Principles of Filtration

There are 4 main principles of how mechanical filters remove particles from the air stream. Particles are captured by coming into contact with the fibers of the filter media in the following ways:

DIRECT INTERCEPTION

Filter medias have openings through which air and fluid passes. If the particles in the flow stream are larger than the pores or openings in the filter medium, they will be removed as a result of direct interception by the holes.

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INERTIAL IMPACTION

Particles in the air stream have mass and velocity, as the air stream passes through a filter media, the air diverts around the fiber, however because the particles tend to move in a straight line, those particles located at or near the center of the flow line will stick or impact upon the fiber and be removed.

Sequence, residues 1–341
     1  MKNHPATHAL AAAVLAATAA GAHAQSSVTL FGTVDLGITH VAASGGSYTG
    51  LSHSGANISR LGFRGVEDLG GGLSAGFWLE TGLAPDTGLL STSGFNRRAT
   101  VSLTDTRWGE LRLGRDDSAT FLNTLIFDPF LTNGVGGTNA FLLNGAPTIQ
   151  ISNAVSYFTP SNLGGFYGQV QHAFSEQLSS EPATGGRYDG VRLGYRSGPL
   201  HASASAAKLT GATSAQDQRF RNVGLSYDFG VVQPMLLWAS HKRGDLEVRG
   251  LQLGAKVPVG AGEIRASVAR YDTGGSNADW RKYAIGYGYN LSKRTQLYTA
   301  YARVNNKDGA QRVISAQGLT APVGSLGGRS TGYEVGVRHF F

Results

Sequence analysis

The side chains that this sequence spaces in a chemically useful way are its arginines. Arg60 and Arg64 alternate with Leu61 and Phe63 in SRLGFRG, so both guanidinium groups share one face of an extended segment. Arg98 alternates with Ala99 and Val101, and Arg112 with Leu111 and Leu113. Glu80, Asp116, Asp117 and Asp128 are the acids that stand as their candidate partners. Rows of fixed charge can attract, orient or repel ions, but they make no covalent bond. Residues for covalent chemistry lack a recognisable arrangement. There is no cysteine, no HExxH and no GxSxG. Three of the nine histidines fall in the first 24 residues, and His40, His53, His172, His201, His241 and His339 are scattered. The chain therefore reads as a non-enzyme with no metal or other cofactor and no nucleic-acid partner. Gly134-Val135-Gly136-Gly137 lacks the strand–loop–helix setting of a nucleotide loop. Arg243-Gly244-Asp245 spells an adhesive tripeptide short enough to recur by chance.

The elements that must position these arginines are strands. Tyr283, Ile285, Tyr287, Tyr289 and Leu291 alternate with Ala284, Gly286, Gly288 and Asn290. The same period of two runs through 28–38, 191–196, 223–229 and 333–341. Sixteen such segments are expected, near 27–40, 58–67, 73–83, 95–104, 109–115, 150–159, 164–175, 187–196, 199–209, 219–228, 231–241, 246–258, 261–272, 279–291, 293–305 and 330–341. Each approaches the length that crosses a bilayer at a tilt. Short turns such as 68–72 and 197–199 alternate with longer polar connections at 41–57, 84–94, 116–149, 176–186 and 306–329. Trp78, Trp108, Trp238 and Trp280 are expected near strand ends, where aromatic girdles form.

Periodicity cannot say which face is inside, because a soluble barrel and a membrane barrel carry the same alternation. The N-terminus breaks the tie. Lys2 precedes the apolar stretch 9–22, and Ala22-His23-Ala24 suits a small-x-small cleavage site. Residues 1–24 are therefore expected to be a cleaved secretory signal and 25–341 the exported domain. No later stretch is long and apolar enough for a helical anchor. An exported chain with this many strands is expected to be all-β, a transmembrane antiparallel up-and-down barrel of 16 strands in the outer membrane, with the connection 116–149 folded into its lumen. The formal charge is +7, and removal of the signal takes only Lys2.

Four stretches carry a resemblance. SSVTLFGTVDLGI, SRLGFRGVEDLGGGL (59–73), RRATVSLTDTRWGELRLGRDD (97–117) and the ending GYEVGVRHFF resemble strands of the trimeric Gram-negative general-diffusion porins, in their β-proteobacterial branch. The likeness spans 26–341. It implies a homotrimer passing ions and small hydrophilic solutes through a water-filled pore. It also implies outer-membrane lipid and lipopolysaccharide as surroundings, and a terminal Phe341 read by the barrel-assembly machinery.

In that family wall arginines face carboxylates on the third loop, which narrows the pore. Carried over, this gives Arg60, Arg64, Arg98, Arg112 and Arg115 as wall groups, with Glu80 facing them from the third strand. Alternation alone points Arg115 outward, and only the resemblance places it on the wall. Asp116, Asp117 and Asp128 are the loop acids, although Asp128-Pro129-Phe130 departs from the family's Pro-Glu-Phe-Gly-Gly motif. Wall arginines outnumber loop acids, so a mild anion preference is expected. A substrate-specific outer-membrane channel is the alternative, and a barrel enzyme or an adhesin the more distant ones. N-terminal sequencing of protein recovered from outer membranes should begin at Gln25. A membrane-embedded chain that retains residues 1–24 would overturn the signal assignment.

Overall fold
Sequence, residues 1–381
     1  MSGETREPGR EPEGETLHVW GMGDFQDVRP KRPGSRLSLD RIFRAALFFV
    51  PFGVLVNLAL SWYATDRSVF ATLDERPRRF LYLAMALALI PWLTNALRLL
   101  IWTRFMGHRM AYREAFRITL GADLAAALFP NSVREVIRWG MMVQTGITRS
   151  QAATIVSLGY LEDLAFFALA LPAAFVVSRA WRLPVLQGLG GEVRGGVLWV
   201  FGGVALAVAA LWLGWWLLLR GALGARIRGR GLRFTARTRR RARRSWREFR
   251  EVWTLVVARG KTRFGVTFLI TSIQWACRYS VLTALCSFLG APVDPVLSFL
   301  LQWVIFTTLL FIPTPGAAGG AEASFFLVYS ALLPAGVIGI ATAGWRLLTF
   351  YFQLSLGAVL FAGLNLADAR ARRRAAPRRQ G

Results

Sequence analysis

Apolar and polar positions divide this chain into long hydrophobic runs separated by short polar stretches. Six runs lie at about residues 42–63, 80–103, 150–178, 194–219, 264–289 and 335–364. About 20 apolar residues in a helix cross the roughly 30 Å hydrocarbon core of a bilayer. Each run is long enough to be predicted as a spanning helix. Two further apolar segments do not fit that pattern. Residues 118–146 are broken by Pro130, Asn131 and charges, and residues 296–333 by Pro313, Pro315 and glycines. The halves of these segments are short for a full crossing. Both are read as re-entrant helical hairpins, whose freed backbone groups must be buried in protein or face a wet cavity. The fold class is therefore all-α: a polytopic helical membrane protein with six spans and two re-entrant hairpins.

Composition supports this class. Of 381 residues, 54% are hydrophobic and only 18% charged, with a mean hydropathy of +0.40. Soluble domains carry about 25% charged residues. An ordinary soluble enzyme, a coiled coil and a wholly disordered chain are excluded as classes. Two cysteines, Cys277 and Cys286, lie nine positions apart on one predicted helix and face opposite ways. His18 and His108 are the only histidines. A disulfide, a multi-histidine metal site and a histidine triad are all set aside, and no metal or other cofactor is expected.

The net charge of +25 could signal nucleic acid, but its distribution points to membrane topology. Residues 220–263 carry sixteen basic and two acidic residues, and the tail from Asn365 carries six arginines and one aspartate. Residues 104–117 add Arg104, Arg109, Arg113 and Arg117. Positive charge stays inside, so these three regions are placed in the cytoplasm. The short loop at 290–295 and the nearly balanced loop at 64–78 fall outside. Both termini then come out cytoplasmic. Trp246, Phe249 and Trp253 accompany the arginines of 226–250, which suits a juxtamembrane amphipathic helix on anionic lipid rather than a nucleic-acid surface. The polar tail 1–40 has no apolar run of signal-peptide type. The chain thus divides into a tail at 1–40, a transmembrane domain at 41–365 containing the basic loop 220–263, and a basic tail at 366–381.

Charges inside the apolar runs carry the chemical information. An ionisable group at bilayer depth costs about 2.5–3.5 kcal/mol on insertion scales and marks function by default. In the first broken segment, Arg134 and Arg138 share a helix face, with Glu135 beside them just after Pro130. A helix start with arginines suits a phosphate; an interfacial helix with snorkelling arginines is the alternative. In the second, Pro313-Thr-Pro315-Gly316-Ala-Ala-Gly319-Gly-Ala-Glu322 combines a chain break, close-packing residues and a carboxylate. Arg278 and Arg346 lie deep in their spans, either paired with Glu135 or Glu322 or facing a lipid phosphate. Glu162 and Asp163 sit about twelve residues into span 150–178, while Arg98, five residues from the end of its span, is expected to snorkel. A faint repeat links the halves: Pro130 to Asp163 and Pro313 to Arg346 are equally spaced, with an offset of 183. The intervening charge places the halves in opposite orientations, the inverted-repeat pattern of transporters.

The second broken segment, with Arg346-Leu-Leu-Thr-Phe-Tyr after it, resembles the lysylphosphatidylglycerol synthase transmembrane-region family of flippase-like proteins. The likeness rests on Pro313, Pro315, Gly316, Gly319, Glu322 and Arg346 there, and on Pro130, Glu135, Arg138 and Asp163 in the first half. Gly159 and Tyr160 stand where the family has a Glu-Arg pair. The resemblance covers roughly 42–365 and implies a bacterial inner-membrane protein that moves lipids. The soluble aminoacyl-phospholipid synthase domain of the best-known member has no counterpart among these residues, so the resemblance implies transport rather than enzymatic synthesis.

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DIFFUSIONAL INTERCEPTION

In this process, particles are on a collision course with flow stream molecules. These frequent collisions cause the suspended particles to move in a random fashion around the fluid flow lines, which increases the likelihood of contacting the fiber surface and being removed.

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SIEVING

Sieving is a simple technique for separating particles of different sizes. For example when a particle is too large to fit between the media fiber spaces.

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